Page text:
Twitter has become fairly central to the way I inform myself, whether it’s tweets from news organizations, links provided by the people I follow or the 140-character-at-a-time questions and observations that get thrown out.
And while there’s something neat about the way it is all — the silly and the important — mixed together, coming in at a flow of five, seven, 10 or more tweets every five minutes, I’m thinking there must be a better way, particularly as my list of sources grows.
I’m not smart enough to create this, but here’s an idea for a Twitter client:
1. Allow me to tag every individual Twitter source with freeform descriptors. I could tag CBC “news.” Ryan Sholin I could tag as “journalism,” “newmedia,” “freaking_great_ideas,” etc. Users could offer their Twitter feeds with baked-in, suggested descriptors, which I could accept or override.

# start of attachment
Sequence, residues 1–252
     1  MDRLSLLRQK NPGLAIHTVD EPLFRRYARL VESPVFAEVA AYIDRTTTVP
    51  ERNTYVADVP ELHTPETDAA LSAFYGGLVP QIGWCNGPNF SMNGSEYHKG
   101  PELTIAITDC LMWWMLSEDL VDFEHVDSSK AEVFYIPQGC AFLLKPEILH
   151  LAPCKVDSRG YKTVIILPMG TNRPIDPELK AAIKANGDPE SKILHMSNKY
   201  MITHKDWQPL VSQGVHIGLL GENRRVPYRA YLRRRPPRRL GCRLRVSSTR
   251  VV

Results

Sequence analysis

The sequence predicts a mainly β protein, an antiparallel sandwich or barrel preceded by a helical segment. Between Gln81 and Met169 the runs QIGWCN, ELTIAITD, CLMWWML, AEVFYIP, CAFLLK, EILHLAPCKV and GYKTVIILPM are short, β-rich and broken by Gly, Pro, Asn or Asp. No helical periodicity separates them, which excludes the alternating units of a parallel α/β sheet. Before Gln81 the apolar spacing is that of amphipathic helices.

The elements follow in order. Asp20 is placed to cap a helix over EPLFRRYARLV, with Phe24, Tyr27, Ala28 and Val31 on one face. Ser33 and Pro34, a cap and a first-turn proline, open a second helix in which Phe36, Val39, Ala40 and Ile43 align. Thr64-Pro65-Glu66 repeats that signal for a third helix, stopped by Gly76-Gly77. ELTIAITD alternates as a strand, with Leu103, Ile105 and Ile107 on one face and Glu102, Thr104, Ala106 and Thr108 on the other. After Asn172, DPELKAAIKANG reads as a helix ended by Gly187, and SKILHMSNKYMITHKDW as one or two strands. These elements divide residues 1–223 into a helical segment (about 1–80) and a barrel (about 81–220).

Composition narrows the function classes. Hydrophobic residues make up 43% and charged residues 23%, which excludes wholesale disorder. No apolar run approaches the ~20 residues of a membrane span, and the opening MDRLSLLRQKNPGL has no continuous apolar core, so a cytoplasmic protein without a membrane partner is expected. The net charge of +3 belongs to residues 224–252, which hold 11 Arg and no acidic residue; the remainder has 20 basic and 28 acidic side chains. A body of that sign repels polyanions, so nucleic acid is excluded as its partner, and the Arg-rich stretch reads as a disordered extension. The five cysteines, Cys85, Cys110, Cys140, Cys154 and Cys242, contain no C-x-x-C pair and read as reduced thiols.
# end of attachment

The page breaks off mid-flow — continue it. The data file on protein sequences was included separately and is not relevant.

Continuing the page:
2. Allow me to establish a filter for each of the tags and set the parameters for how often those feeds are checked. I may want to have the client pick up my news tweets every two or three minutes, tweets from friends every half-hour, and tweets from journalists every hour.
3. Build on-the-fly Twhirl-like panels for each of the categorized feeds. Rather than a single window onto the world, I would have my news panel (which would pop up ever five minutes, and which I could call on to review, re-read), my friends panel, etc.
4. For following live-tweeted events, allow me to set up temporary, time-limited feeds, which would expire after a set time.
A client like this would not only offer me a level of control over how I interact with Twitter, it would allow me to follow many more sources without feeling overwhelmed by the resulting in-flow. And, to top it all off, I would probably pay a reasonable amount of money for such convenience.
As I wrote, I’m not smart enough to do this, or even smart enough to know whether it can be done. But it would make Twitter even more valuable than it has already proved to be.